Is customer engagement more about damage control, or helping customers understand their options?
Customer Service: 2020
Grid upgrades spark an interactivity revolution.
When utilities and regulators consider smart-grid investments, they tend to focus their analysis on operational issues, such as cost savings, reliability and the ability to defer capital investments through greater demand-response capabilities. They seldom focus on customer-service processes, practices or standards.
This stands to reason, because utilities traditionally are driven to achieve two overriding goals: reliability and cost control. As a result, T&D investments of any kind are justified primarily on whether they serve those two goals. However, smart-grid technologies might be opening the door to some fundamental changes that transcend the basic drivers of reliability and cost control—and perhaps starting a revolution in the way utilities serve their customers.
“Today the industry is focused on operational benefits because they are the most easily quantified in smart-grid business cases,” says Kit Hagen, a senior director with customer service company Convergys. “But smart grid is laying the foundation for a new world of customer interaction that will benefit both utilities and customers.”
A recent survey by Microsoft suggests that utilities recognize the growing tension between smart-grid systems and customer service processes. The survey showed half of utilities expect to offer some form of dynamic pricing to all residential customers by early 2013. Fully two-thirds are now incorporating distributed generation, including solar rooftops, into their systems, or are planning to do so in the next two years. And yet, more than 90 percent say their back-office architecture isn’t ready to support these new business processes.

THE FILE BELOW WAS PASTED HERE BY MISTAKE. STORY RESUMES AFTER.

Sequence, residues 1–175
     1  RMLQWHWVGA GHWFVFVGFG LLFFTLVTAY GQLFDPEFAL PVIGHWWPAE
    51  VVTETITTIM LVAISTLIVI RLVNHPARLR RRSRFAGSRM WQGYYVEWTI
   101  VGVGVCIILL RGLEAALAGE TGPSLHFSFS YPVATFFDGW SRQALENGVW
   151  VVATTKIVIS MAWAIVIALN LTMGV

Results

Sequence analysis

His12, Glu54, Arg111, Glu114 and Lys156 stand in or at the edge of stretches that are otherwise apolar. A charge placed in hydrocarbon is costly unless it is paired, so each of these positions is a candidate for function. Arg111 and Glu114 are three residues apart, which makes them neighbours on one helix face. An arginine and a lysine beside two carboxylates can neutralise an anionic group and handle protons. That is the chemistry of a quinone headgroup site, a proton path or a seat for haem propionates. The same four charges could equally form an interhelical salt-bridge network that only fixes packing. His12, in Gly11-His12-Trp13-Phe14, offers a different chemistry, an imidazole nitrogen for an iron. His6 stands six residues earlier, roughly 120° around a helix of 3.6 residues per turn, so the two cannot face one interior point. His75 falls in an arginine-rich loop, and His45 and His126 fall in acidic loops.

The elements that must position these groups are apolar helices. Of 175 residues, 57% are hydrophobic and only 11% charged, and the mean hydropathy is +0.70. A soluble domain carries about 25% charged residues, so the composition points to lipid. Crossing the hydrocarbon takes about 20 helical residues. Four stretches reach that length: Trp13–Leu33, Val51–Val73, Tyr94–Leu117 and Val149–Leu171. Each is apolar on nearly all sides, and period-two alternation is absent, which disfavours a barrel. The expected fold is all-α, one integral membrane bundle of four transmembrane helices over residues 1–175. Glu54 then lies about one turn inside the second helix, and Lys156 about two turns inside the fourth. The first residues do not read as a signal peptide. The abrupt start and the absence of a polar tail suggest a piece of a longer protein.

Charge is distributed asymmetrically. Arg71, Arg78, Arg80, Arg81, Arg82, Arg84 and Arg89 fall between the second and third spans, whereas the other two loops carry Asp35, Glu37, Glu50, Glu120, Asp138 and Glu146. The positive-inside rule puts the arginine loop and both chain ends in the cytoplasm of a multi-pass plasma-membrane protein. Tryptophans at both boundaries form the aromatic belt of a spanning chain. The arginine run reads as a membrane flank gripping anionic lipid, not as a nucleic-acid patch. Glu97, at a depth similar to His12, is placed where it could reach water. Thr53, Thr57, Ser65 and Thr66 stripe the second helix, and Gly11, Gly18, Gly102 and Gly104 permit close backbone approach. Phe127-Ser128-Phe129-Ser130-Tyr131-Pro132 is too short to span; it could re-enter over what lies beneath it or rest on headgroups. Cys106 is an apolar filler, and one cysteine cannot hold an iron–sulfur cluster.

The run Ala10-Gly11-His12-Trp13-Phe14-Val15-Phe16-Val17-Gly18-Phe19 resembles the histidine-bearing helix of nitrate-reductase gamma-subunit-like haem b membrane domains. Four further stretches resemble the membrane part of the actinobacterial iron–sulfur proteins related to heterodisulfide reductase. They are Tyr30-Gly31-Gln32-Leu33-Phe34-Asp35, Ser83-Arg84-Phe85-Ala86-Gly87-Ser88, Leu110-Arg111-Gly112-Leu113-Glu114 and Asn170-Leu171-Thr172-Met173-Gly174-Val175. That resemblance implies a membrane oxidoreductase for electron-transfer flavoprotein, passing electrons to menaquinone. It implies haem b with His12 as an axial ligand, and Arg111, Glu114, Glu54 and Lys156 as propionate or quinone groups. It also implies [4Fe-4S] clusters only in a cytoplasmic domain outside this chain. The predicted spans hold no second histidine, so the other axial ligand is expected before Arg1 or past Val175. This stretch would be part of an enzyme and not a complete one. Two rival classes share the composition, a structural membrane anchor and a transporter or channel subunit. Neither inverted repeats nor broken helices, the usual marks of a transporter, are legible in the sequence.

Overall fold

From a customer service perspective, that’s a recipe for trouble. For instance, last November, after utilities in California rolled out smart meters, customers filed class-action lawsuits when their bills went up. The plaintiffs are arguing the meters are inaccurate, while PG&E says weather and higher rates caused bills to spike. Either way, it’s a customer-service disaster—and explaining rising bills is just one challenge as the industry builds a smarter grid.
“If new technologies aren’t managed from a customer service perspective, we know it can lead to negative results,” says Roland Labuhn, a vice president with call-center outsourcing company Telus. “Putting more distributed generation in the system puts reliability at risk. Self-healing systems will be good approaches in the long term, but that journey will take several years. Smart grid isn’t a panacea and customers could see reliability impacts if the transition isn’t managed correctly.”
To get a clearer picture of where the smart-grid journey is taking the industry’s customer-service processes, Fortnightly assembled a roundtable of experts from seven leading IT and customer-service companies. They included: Hagen at Convergys; Labuhn at Telus; Guerry Waters, a vice president with Oracle; Maureen Coveney, executive director with SAP; Karen Sweat, senior business manager with Twenty First Century Communications; Jose Jimenez, director of HP’s global energy practice; and Dan Sullivan, managing director at Vertex.
Planning for 2020
Fortnightly: In the year 2020, what will customer service look like in the U.S. utility industry?
Sweat, TFCC: The actual answer is seriously, who knows? Technologies